Microscopic sediment red blood cells
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Microscopic Sediment – Red Blood Cells. Red blood cells Pathological finding - cannot appear in filtrate if nephron is intact. result of damage / injury to glomerular membrane, ▸ or urinary tract ▸ strenuous exercise (marathon runners). Microscopic Sediment – Red Blood Cells.

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Microscopic Sediment – Red Blood Cells

  • Red blood cells

    • Pathological finding - cannot appear in filtrate if nephron is intact. result of damage / injury to glomerular membrane, ▸ or urinary tract ▸ strenuous exercise (marathon runners)


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Microscopic Sediment – Red Blood Cells

  • differentiate:

    • Hemoglobinuria – free hemoglobin in urine

    • Hematuria – presence of intact RBCs in urine

  • Can you have positive blood on dipstick & negative microscopic for RBCs?

  • Can you have positive microscopic for RBCs and yet negative dipstick?


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Microscopic Sediment – Red Blood Cells

  • Result of bleeding along urinary tract

    • Bleeding in nephron – red cell casts formed when the RBCs get caught in precipitating protein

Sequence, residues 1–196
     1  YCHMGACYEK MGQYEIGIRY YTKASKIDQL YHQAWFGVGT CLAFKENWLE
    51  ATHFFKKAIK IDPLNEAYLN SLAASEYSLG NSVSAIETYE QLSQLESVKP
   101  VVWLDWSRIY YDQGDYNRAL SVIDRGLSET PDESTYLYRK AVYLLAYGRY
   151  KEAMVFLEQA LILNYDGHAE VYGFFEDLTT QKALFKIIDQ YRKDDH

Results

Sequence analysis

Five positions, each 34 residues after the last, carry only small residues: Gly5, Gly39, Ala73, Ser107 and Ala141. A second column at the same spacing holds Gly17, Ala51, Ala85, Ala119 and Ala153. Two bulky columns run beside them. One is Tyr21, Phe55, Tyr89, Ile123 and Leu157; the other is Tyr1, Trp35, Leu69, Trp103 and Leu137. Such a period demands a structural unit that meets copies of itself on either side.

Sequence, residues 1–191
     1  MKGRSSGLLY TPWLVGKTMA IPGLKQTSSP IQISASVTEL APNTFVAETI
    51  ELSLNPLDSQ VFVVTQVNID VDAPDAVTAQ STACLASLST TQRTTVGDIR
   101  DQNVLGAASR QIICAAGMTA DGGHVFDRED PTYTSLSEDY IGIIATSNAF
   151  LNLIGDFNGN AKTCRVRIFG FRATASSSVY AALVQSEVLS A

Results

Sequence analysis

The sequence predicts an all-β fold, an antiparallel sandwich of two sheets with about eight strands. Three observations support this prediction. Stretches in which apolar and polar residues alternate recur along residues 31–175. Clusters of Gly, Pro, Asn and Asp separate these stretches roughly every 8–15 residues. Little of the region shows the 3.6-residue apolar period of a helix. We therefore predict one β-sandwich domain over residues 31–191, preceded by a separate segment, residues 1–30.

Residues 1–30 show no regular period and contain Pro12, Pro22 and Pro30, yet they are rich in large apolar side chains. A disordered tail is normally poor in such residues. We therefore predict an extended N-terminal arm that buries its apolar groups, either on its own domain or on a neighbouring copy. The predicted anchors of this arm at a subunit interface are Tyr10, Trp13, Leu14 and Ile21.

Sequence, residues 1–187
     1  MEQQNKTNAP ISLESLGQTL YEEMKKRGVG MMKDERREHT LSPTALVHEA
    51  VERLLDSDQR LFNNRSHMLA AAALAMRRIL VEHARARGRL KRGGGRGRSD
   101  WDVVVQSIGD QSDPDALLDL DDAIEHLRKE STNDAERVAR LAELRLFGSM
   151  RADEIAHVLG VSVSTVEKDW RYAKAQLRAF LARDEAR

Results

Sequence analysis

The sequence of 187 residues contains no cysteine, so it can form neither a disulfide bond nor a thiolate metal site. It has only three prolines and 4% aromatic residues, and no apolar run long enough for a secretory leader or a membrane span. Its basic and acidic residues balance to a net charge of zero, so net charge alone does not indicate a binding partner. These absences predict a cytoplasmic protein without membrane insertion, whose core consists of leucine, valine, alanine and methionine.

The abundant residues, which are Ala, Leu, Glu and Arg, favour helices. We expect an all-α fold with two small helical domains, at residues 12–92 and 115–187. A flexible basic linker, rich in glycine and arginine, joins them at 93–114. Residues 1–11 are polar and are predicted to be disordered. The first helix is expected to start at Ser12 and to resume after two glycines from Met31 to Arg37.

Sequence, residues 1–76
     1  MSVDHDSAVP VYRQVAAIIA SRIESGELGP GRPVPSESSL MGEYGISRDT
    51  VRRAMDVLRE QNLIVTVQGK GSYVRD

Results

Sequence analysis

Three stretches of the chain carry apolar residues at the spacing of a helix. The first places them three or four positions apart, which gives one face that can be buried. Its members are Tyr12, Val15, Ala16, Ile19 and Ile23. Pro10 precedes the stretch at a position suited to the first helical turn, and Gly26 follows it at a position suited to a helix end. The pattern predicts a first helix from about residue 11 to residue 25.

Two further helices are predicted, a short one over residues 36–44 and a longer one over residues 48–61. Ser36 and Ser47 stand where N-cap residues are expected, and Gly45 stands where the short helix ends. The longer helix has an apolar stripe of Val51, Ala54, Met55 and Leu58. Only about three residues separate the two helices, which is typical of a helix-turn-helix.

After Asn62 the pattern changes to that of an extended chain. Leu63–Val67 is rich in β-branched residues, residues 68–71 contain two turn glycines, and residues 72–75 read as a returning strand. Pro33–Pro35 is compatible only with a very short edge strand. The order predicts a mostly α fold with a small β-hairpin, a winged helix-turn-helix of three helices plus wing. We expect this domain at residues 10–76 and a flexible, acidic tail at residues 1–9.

• Bleeding in lower GU tract – no protein or casts

      • 160x mag


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Microscopic Sediment – Red Blood Cells

  • Red Blood Cells

    • Although NV = 0-2 hpf, an occasional RBC is more significant than occasional WBC.

    • Detection

      • High power magnification

      • Reduced light

      • yellow - red sheen (sometimes blue-green)

      • Intact disc or may be crenated

      • Highly retractile, smooth surface, round

      • In dilute or alkaline urine appear as ghost or shadow cells


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Microscopic Sediment – Red Blood Cells

  • Urine RBCs can be easily confused with:

    • Yeast - - generally refract light differently, may have buds, and often are more egg shaped

    • Bubbles or oil droplets - large variation in size. Even more refractile / and have ‘hard’ appearing edges.

    • Confirmation – test for hemoglobin - by dipstick, which is most sensitive to free hemoglobin, rather than intact RBCs


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Microscopic Sediment – Red Blood Cells

  • Red Blood Cells

    • High magnification

    • Hypertonic urine resulting in some crenated


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Microscopic Sediment – Red Blood Cells

  • RBCs of various shapes & different levels of magnification


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Microscopic Sediment – Red Blood Cells

  • fresh RBCs in the urine are often due to lower urinary tract problems


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Microscopic Sediment – Red Blood Cells

  • When RBCs are subjected to osmotic pressures from having been in the urine for longer periods of time, they become more dismorphic


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Microscopic Sediment – Red Blood Cells

  • RBC can even get small ‘blebs’ on them, making them appear similar to budding yeast.



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Microscopic Sediment – Red Blood Cells

  • Must be differentiated from yeast

    • @ 160 x